Self-Compassion on a Sh%&*y Day

March 14, 2018

 

Today started off kind of shitty: I was heading out the door with my son to take him to the orthodontist on my way to work when I got a call from my first patient cancelling our appointment this morning... this call made me late for my son's orthodontist appointment. After I went back to the house since I had some extra time now before my next patient due to the cancellation. I caught up on some work (note: a new job, yet again, causing me stress as I've had to learn new computer programs, systems, etc), and as I was again walking out the door to my next patient, my husband asks me to handle a banking issue... now. Can't wait. Words exchanged. The rest of the day fighting traffic and parking in the rain,  texting, charting on the laptop in the car between patients, eating on the run, handling difficult situations like patients dying of cancer, coming home to the normal night time dinner routine, a child that is tired but can't sleep and wants you to sleep with him WAYYY past his bedtime. You know... the usual life craziness.

 

The constant multi-tasking of modern life stresses me out. And a small, quiet voice inside, if I really get honest with myself, is constantly saying, "Why can't you handle this? This is just normal life... not climbing Mt. Everest. What's wrong with you?!". By the way, up until a week ago, I didn't even know that voice was there. I just thought it was stress. But in REALLY listening to my internal dialogue in response to stress was eye-opening. I'M REALLY HARD ON MYSELF.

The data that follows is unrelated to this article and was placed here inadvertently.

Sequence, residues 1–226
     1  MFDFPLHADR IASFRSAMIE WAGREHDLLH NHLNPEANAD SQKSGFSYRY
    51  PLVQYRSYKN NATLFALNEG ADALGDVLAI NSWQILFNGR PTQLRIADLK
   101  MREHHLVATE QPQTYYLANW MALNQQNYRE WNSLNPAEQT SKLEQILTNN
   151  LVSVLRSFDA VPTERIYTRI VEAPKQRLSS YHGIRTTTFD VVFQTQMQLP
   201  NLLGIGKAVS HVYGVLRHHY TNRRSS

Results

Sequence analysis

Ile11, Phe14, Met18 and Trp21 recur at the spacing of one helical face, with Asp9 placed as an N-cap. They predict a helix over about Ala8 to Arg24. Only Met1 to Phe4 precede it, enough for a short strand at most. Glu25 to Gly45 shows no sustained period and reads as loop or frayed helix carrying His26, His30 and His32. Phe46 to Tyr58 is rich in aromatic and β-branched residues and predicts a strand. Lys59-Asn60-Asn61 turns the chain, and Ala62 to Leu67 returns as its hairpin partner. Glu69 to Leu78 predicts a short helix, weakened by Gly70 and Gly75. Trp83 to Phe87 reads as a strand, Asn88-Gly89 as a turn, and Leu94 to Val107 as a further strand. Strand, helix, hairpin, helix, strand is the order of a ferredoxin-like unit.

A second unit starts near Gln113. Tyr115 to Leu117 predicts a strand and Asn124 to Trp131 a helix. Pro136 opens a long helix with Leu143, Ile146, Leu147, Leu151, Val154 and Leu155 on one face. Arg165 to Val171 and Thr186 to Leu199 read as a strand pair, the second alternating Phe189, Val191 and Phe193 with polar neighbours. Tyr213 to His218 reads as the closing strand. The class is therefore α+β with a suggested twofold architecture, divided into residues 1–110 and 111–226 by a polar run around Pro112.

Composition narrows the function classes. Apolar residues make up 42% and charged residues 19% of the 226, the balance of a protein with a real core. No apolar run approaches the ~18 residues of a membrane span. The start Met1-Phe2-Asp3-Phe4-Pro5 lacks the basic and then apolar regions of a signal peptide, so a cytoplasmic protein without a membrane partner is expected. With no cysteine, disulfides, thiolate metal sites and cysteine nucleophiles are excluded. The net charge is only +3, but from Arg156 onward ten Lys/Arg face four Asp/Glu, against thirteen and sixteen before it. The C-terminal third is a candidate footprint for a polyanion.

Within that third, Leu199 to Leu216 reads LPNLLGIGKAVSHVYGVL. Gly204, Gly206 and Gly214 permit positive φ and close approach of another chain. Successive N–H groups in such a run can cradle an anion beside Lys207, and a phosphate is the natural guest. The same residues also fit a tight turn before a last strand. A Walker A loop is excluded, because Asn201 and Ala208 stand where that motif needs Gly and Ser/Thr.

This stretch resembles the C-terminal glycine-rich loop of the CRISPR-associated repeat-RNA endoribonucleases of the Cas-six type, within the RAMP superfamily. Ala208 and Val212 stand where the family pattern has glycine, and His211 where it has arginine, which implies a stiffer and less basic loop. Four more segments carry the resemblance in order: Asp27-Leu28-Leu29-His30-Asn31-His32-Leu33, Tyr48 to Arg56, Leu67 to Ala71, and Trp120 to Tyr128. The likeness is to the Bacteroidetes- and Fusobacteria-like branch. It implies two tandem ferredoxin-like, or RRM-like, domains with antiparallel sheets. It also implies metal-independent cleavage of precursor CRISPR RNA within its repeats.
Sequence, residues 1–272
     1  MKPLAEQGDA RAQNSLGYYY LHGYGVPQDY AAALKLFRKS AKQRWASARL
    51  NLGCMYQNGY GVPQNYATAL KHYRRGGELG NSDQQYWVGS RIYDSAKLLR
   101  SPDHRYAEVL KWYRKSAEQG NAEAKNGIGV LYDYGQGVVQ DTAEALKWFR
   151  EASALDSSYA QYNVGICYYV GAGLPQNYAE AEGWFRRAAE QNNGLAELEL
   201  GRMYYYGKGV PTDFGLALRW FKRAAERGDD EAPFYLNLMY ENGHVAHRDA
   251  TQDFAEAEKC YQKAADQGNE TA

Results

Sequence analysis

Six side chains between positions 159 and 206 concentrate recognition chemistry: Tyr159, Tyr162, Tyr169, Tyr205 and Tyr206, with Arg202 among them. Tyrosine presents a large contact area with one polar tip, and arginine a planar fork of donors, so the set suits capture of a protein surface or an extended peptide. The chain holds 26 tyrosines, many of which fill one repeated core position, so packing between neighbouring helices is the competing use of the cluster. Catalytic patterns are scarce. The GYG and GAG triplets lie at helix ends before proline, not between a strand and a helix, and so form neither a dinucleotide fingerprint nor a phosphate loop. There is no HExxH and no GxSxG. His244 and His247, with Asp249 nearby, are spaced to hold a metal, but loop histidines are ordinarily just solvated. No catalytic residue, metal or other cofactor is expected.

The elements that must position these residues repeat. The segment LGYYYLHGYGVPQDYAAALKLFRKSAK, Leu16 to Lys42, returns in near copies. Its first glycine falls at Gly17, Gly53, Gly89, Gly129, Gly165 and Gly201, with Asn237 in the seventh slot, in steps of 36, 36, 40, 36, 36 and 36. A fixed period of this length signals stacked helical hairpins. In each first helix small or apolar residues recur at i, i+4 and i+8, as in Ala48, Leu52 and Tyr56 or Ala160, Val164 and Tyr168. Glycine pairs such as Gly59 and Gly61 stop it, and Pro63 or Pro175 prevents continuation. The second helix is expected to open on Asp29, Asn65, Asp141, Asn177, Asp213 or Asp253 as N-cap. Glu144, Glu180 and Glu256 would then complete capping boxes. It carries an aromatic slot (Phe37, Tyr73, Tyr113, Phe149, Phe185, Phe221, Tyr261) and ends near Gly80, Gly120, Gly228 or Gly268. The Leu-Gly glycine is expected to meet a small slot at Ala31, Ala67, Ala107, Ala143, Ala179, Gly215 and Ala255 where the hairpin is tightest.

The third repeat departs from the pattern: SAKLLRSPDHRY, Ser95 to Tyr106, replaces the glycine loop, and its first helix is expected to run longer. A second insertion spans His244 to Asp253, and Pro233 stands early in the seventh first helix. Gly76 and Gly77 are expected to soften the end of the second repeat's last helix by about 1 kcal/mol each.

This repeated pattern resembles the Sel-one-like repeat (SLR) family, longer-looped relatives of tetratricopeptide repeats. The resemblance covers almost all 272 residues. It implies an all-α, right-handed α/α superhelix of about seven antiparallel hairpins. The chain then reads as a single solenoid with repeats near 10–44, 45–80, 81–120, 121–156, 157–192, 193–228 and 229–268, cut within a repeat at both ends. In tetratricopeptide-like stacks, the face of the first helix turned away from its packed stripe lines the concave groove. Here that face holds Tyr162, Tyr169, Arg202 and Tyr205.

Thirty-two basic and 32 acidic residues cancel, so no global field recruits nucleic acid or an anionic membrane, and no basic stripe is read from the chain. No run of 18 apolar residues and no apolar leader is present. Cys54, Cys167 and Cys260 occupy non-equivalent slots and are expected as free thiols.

So, now that I "own" the fact that I'm hard on myself during stressful times, my new intention is to learn how to practice self-compassion when I'm stressed out.

 

According to the Center for Mindful Self-Compassion

"Self-compassion entails being warm and understanding toward ourselves when we suffer, fail, or feel inadequate, rather than ignoring our pain or flagellating ourselves with self-criticism. Self-compassionate people recognize that being imperfect, failing, and experiencing life difficulties is inevitable, so they tend to be gentle with themselves when confronted with painful experiences rather than getting angry when life falls short of set ideals."

 

Sounds good, doesn't it?

 

So ask yourself: What do you tell yourself during stress? And how can you begin to reframe that internal dialogue?

 

Feel free to chime in on your own experiences or feedback in the comment section below...

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